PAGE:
The day was November 11th, 1919. At exactly 11:00am, on the one year anniversary of the armistice that ended the fighting between the Allies and Germany, all school children in Brooklyn were asked to place their pencils on their desks for a ten minute silence so that they could "realize vividly the significance which that moment had for America's embattled armies."
Brooklyn Daily Eagle 11 Nov. 1919.
The Brooklyn Daily Eagle reported on the events of the newly elected day of remembrance (not a national holiday until 1938 and not called Veteran's Day until 1954): parades, dinners, and memorial celebrations. President Woodrow Wilson's address to the nation was also framed prominently in the paper.
Brooklyn Daily Eagle 11 Nov. 1919.
"To us in America the reflections of Armistice Day will be filled with solemn pride in the heroism of those who died in the country's service and with gratitude for the victory both because of the thing from which it has freed us and because of the opportunity it has given America to show her sympathy with peace and justice in the councils of nations."
The United States did fight for peace and justice in the global arena and all should be commemorated for their service and sacrifice during that time. However, a fair number of the soldiers fighting for those values -- values of democracy and equality that came to represent America during the global upheaval -- did not find those values waiting for them back home.
The 369th Infantry was first known as the 15th New York Colored Infantry. Today they are more commonly known by the name they were given by their German foes: the Harlem Hellfighters. The men of the 369th were fearless in battle, highly decorated, and bursting with patriotism. The kicker, however, is that the soldiers fought for America but not necessarily with America. Due, in part, to the aggressive segregation of the US military, the Hellfighters fought with the French troops. Many of the enlisted black servicemen were not sent to combat and suffered incredible discrimination within the ranks.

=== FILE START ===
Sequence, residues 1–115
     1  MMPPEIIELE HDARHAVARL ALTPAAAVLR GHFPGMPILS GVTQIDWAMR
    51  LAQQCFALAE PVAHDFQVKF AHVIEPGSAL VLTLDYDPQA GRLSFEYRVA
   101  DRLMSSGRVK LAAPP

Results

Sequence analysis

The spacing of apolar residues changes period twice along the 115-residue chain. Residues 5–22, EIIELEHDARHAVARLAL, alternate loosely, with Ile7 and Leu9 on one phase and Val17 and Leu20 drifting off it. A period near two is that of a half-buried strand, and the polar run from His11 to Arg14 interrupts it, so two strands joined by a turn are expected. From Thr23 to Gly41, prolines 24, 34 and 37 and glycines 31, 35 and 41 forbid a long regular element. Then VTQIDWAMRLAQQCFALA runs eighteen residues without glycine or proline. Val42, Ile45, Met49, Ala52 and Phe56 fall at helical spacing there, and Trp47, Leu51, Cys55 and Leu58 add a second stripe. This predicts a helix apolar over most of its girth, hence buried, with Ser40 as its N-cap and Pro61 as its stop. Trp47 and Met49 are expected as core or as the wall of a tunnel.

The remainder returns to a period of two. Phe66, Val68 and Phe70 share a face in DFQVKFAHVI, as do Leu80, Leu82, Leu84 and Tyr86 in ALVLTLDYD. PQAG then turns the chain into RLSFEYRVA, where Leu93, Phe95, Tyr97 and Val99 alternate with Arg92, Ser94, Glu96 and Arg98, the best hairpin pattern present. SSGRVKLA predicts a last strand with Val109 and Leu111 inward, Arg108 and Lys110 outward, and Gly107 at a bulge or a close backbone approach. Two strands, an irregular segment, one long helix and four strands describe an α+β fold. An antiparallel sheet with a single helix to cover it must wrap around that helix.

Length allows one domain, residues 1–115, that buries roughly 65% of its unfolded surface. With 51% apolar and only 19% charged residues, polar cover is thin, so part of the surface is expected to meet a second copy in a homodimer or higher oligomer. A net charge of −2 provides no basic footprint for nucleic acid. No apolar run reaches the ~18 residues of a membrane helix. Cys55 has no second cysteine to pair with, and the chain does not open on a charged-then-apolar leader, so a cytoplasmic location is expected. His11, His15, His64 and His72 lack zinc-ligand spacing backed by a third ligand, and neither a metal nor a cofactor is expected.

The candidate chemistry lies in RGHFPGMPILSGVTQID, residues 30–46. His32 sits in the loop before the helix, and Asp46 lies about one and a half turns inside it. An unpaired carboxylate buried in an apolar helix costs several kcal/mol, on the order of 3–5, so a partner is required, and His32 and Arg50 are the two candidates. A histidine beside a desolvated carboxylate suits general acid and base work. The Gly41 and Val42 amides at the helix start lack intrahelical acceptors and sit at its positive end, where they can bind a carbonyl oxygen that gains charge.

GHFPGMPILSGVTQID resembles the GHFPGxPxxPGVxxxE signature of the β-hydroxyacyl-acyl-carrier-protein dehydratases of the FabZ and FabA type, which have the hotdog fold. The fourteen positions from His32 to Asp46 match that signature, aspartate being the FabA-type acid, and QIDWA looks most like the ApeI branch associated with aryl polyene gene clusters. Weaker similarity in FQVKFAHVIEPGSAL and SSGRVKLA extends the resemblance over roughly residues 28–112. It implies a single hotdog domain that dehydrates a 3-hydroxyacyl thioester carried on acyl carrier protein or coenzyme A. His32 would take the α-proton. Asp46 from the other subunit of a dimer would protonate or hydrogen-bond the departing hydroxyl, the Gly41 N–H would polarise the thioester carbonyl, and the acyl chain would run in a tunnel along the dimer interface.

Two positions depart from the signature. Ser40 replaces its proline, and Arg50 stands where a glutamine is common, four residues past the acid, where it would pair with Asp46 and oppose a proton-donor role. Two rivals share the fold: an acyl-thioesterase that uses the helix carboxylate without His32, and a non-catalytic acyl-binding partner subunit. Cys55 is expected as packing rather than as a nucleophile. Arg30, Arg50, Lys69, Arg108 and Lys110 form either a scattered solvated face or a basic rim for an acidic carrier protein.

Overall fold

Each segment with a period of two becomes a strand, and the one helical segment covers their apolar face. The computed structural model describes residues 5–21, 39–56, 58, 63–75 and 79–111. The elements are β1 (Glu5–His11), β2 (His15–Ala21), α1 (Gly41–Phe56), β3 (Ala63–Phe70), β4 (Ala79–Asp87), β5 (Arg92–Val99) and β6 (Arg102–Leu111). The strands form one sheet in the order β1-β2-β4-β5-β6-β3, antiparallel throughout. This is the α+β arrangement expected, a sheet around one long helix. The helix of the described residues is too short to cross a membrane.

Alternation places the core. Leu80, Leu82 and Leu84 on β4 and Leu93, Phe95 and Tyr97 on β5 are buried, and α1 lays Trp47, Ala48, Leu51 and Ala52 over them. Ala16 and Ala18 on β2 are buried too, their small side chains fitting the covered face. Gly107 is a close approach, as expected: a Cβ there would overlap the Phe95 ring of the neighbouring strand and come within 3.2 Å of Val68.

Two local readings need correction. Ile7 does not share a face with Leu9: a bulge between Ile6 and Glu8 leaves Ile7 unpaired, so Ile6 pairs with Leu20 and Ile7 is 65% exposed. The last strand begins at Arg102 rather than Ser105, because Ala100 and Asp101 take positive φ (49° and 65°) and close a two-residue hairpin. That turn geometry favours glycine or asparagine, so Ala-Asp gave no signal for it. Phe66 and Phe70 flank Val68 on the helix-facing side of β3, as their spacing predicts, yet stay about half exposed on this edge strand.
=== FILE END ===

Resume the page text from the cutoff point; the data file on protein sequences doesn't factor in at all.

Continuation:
For Brooklyn, a hero is a hero. The parade that marched through the streets of Brooklyn on that first Armistice Day contained "approximately 2,000 of the Negro warriors from Brooklyn who wore Uncle Sam's uniform in the trenches in France." At the culmination of the parade they were honored "when 10,000 of their relatives and friend's celebrated a big armistice day celebration... to commemorate their splendid fighting achievements." Thousands of people turned out to pay tribute to the soldiers (a parade in Harlem in February of that same year reportedly drew five million onlookers, said the New York Tribune) and "colored children, hundreds of them, from all over the borough who, hearing their heroes were going to march, hurried to the starting point."
Brooklyn Daily Eagle 12 Nov. 1919.
The men marched past veterans from both the Civil and Spanish-American Wars and, upon arrival at the 13th Regiment Armory, sat for a grand meal. Imagine the 13th Regiment Armory decorated to the nines with flags, wreaths, and garlands and packed with 10,000 people in their Sunday best.
"13th Reg. Armory Interior." Brooklyn Daily Eagle 1913. Brooklyn Public Library, Brooklyn Collection.
Mary Church Terrell, civil rights activist and suffragette, was in attendance and called for the heroic actions of the Hellfighters to propel the nation further toward racial equality. Congressmen James J. Delaney, referring to all of the black troops serving during World War I, said that " every citizen in the country, regardless of color, has every reason to be proud of the record these 400,000 brave colored defenders of liberty made for themselves."
Setting aside the antiquated language, the citizens of Brooklyn welcomed these soldiers home and graciously thanked them for their service. On Veteran's Day we remember all those who fought and still fight for the freedoms that we hold dear, regardless of their race, creed, gender, or orientation. Staff at the Central Branch of the Brooklyn Public Library can't help but be reminded as to the sacrifice of America's soldiers, as every time we leave our office we see the Soldiers and Sailors Monument in Grand Army Plaza. The arch is always a sight to see, but on Veteran's Day it seems to be all that much grander.
Geller, Jules. Marchers on Armistice Day. 1952. Print. Brooklyn Public Library, Brooklyn Collection.
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